Here are some links to sites with great Shakespeare resources:
A project run out of Sydney University, by Prof. Liam Semler, Shakespeare Reloaded is an extensive, expansive and inventive educational tool that is well worth your time.
The State Library of NSW has more than you would imagine tucked away in their archives of world-class Shakespeare-related historic documents, as well as records and memorabilia relating to early Australian performances. Their archives are open to the public, and much is available online, including a full, digitalised copy of their First Folio.
A collaboration by some of the world’s most prominent archive libraries, Shakespeare Documented is a free, publicly accessible online exhibition of documents relating to Shakespeare.
Shakespeare’s Globe theatre in London offers many enriching support materials, including lots of actors’ blogs and images.
Muse of Fire is an expansive and inspiring series of video interviews with a huge range of Shakespearean actors and directors, including most of the top names in the business. Some of your favourites will definitely be found there.
Embedded within Britain’s Warwick university is BBA Shakespeare (British Black and Asian) and their Multicultural Shakespeare Project, doing terrific ongoing work to demonstrate that Shakespeare is not and has never been owned solely by white men. They have extensive archives and wonderful images.
Australia’s own Bell Shakespeare Company always has excellent downloadable resources for teaching, and an increasing range of video material.
Thanks to our reader Megan, who found a link to a costume site, HalloweenCostumes.com that has some biographical information about Shakespeare and some links, along with some pretty spiffy Shakespearean outfits to purchase.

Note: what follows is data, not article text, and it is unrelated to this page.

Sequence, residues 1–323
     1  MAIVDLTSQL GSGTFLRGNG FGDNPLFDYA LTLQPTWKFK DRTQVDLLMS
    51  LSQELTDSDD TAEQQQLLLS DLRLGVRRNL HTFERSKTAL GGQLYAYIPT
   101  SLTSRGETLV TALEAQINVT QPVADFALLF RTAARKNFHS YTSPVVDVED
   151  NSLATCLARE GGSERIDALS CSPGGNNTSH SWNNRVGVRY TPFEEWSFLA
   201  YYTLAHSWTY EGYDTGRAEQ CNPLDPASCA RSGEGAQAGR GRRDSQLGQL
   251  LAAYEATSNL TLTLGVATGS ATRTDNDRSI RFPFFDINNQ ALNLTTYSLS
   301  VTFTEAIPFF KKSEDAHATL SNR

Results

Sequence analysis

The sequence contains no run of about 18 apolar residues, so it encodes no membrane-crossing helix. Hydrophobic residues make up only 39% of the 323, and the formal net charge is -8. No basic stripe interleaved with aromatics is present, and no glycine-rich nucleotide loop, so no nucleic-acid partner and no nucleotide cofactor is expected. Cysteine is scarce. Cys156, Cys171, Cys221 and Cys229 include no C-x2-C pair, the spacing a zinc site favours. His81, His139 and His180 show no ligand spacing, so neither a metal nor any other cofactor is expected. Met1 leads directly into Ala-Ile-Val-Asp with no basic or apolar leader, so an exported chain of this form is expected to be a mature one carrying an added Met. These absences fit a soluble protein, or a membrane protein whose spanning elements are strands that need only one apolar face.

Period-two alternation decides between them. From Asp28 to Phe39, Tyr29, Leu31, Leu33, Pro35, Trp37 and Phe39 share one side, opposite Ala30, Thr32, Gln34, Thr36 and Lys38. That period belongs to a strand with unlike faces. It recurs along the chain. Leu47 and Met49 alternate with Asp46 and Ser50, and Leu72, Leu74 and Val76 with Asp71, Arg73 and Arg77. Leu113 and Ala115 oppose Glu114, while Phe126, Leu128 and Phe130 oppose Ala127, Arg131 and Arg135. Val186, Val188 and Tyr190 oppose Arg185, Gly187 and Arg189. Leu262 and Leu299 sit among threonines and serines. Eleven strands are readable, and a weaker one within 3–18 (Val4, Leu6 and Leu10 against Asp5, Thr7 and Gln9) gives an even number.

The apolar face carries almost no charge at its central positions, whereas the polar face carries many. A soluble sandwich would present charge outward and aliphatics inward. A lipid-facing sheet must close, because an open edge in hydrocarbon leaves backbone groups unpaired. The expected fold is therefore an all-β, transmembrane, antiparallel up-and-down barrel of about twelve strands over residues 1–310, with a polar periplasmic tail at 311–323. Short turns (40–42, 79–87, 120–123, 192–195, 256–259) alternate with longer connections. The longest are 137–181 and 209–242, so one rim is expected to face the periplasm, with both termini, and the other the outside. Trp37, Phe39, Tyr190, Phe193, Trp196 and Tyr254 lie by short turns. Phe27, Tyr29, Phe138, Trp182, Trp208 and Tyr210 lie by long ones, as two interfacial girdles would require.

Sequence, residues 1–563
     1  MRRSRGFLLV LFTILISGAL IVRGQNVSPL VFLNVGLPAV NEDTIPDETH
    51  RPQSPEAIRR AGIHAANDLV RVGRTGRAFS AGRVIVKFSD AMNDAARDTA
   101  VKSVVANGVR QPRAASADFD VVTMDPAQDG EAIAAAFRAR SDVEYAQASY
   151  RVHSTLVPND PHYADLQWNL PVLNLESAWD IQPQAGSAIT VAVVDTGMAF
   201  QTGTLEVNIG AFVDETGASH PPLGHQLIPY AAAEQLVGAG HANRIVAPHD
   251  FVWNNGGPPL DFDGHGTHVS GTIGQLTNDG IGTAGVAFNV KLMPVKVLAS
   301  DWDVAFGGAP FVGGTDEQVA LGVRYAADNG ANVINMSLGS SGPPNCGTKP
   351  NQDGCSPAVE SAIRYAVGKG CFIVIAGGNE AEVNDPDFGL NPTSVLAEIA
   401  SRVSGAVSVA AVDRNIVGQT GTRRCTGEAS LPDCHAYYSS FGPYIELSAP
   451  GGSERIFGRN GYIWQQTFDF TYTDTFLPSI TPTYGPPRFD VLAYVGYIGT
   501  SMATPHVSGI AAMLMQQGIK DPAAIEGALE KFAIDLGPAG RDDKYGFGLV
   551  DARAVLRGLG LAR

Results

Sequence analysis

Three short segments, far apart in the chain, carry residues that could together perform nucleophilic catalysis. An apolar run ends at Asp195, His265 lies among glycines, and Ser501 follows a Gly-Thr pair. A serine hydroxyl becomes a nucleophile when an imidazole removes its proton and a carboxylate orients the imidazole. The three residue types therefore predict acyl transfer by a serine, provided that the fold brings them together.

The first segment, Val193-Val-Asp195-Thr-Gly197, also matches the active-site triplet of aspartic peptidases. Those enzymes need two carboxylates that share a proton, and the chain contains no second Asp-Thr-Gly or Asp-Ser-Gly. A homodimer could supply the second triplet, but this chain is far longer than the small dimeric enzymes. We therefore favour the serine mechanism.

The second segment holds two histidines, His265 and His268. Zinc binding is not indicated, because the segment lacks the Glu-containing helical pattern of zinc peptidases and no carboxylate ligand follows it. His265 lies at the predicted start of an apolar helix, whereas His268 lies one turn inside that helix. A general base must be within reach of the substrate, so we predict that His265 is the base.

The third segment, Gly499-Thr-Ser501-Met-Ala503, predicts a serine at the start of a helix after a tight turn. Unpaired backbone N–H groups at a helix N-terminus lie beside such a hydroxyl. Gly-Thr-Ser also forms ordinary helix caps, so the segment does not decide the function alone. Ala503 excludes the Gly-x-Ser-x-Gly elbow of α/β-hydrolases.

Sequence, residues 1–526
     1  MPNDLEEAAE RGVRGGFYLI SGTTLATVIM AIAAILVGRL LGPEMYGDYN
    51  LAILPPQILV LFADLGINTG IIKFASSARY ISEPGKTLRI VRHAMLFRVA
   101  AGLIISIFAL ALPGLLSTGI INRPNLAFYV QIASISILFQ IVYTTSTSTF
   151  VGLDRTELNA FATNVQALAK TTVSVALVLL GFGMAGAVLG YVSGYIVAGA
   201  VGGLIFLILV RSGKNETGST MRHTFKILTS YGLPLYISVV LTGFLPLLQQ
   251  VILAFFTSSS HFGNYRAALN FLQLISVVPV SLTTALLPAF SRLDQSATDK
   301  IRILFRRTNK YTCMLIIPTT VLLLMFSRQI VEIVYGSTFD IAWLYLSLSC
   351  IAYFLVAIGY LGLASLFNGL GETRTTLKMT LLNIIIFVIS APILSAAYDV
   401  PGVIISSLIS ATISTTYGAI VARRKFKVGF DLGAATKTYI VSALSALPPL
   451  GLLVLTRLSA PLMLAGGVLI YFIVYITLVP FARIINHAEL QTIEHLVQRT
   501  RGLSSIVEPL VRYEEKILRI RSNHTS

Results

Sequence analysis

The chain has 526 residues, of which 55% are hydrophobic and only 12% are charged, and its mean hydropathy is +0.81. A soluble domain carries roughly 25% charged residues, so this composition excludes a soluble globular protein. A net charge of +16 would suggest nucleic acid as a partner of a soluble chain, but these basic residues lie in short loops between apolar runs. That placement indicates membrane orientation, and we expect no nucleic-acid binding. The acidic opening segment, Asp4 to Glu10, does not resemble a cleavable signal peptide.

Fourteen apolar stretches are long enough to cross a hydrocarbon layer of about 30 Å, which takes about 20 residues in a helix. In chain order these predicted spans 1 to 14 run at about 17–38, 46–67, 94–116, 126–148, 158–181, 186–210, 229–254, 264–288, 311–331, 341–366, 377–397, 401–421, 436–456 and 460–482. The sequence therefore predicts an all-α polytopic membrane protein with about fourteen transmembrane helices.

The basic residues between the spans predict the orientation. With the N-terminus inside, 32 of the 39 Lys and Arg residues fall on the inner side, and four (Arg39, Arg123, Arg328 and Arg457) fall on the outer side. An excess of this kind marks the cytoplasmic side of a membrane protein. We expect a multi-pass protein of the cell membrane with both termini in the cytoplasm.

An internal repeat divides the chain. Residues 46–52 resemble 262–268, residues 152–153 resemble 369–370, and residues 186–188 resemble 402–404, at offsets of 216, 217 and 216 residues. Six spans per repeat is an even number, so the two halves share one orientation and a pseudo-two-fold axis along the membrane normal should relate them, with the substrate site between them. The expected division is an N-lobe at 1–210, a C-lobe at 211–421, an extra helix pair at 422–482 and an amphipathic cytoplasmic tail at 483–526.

The British Council has released a “Shakespeare Lives” pack for use in schools.
The website of the Royal Shakespeare Company doesn’t only sell tickets, it also has plot summaries and records of previous productions.
The Shakespeare Birthplace Trust is ground zero for information about Shakespeare’s life and community. It has some fun blogs and other bits and pieces.
The Touchstone database is very UK-focused, but has some amazing images from a huge number of productions of all Shakespeare’s plays.
America’s Folger Library, apart from an excellent store of digitalised historic documents, has loads of educational and children’s resources.
History site Luminarium has a great page on English Renaissance Drama, with lots of biographies to remind us that Shakespeare was far from the only player in that scene.
Run by Kings College London, the British Shakespeare 400 website is a go-to point to see all the events that are took place around the world in 2016.
From Aardman Studios, Next is a charming five minute animation showing the complete works of Shakespeare.